Usually the first week of Wimbledon is just an appetiser for the seven days that follow, with the big names merely loosening up ahead of the second half of the tournament.
But a string of high profile exits ensured that the headline writers were a lot busier than usual over the first six days at the All England Club.
Roger Federer, Rafael Nadal and Maria Sharapova all crashed out in the early rounds, while several other seeds were part of a spate of injury withdrawals.
With the draws on both the men's and women's sides taking on an unfamiliar look, we analyse the main storylines to look out for ahead of the latter stages of the event.
Murray's path to the final
When the Wimbledon draw was made, it was taken almost as a given that British No 1 Andy Murray would face either Federer or Nadal in the semi-finals.
But since the Swiss and the Spaniard, who have a combined nine titles between them, have both been sensationally eliminated, Murray's potential last four opponent is completely up in the air.
The next highest seed in the bottom half of the draw after the big-name trio - Jo-Wilfried Tsonga - was one of the injury casualties and is out of the event as well. Of the eight players left there are only three seeds: Murray, Mikhail Youzhny and Jerzy Janowicz.
Murray and Youzhny will play each other on Monday and if last year's runner-up comes through that clash he will face either Kenny de Schepper or Fernando Verdasco in the last eight.
He would be a huge favourite to beat either of those two, meaning a semi-final clash with one of Janowicz, Jurgen Melzer, Adrian Mannarino or Lukasz Kubot awaits.
The big-serving Janowicz, who beat Murray at the Paris Masters last year, would seem to be the most dangerous opponent, but Murray would still be favoured massively. If Murray fails to reach a second straight final, it would be a huge shock.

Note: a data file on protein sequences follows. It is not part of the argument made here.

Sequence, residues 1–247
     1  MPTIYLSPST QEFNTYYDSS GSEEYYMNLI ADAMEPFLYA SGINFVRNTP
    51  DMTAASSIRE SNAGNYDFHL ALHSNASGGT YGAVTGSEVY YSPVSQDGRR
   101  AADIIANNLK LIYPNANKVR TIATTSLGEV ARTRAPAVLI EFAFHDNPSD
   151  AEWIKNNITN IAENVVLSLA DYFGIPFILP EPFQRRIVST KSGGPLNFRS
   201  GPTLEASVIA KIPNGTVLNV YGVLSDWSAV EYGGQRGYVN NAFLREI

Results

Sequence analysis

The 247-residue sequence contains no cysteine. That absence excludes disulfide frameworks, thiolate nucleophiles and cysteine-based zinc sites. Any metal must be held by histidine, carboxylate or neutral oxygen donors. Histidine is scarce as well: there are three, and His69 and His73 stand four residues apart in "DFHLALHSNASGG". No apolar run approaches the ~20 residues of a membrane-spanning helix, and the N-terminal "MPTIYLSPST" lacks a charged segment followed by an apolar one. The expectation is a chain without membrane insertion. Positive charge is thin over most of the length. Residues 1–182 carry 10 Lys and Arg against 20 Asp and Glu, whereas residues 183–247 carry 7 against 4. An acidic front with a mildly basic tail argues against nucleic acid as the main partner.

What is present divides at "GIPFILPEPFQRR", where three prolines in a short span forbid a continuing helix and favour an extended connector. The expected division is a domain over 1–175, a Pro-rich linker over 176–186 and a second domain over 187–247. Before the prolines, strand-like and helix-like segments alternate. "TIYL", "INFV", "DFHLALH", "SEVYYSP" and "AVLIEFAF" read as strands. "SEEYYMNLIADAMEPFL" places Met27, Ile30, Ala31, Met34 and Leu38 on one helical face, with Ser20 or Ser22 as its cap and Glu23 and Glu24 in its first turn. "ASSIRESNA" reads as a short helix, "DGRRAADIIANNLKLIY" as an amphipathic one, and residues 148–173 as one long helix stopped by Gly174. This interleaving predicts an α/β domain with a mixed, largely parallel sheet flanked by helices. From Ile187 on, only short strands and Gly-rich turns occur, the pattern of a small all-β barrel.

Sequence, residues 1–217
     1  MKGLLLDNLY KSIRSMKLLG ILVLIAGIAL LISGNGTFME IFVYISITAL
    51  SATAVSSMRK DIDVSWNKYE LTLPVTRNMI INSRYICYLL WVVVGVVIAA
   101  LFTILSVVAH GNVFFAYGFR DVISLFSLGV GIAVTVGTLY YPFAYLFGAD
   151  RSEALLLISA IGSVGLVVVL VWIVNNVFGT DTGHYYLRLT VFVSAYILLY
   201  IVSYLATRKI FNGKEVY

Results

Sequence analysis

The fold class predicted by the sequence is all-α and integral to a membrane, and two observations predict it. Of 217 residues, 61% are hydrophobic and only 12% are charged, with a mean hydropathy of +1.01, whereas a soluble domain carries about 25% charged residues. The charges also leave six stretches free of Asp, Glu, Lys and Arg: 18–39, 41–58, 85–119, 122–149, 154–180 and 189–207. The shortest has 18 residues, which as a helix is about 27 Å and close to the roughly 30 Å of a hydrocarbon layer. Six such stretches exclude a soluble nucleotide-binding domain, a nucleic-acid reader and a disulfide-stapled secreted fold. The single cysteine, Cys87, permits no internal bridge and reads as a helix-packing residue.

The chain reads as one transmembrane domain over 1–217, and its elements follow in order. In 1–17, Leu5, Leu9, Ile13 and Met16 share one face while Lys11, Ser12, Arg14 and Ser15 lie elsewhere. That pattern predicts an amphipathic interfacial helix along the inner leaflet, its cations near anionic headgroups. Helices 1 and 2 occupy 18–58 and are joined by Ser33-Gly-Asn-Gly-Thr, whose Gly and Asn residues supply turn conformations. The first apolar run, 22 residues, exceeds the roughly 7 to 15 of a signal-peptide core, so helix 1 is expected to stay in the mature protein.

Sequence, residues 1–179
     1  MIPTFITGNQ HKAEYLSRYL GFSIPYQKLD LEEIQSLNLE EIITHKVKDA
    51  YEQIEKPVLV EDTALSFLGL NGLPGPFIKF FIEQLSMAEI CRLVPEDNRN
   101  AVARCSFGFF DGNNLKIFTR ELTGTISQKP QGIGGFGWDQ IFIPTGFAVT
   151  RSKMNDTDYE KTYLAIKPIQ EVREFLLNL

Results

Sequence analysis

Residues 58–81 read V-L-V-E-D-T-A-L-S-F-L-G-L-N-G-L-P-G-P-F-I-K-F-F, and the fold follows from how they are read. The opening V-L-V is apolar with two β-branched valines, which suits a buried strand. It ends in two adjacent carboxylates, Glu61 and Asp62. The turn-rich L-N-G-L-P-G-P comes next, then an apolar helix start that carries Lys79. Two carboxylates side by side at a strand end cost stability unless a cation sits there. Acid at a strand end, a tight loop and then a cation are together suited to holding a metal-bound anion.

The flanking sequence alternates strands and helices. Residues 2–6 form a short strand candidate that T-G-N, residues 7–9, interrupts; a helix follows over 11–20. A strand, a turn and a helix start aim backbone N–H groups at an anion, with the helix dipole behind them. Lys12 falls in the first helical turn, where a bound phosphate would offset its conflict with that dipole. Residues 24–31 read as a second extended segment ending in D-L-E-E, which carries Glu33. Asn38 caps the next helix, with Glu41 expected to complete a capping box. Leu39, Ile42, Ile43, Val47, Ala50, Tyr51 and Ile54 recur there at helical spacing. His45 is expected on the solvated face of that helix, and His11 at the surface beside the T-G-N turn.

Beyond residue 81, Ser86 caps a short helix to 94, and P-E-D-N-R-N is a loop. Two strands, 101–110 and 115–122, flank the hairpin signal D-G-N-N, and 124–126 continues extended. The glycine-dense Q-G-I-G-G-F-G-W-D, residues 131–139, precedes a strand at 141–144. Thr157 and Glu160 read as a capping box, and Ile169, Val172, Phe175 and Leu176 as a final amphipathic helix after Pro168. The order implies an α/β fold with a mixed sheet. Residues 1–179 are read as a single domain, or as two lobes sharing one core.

Former Wimbledon junior champion Robson has already matched her best senior result at a grand slam by reaching the fourth round, the first British woman to do so since Sam Smith 15 years ago.
Beating Kaia Janepi on Monday to progress to the last eight would represent a huge step forward in the 19-year-old's career, but she will have her work cut out against a player who has been to the last eight at three of the four grand slams.
With Serena Williams almost certainly waiting for the winner in the quarter-finals, Robson may be best served treating the Kanepi clash as a personal final, with anything achieved against Williams in the next round viewed as a bonus.
Dangerous del Potro
Many tipped Juan Martin del Potro to establish himself among the elite group of men's players when he defeated Roger Federer to win the US Open in 2009.
But injury problems have since derailed his career and following that triumph at Flushing Meadows he has not progressed beyond the quarter-finals of any grand slam.
He has a great chance of ending that run this week, with a fourth round match against Andreas Seppi to be followed by a quarter-final against either fourth seed David Ferrer or Ivan Dodig.
While French Open finalist Ferrer is currently in the form of his life, del Potro 's game should be more suited to grass and, if he wants to prove he is back to his best, it is a match the Argentinian should really be winning.
Few are doubting that Serena Williams will extend her winning run to 35 matches when she takes on Sabine Lisicki in the fourth round on Monday, but her German opponent - a former semi-finalist - is always a tricky proposition on grass.
Williams' route to a sixth Wimbledon title is actually tougher than one might imagine. If she deals with Lisicki, she faces a potential quarter-final with home favourite Laura Robson, while Agnieszka Radwanska and Li Na are also lurking in her half of the draw.
With Maria Sharapova and Victoria Azarenka out of the way the bottom half is wide open and Williams could well face an unheralded opponent in the final, but she will have to work hard to get there despite her dominant form.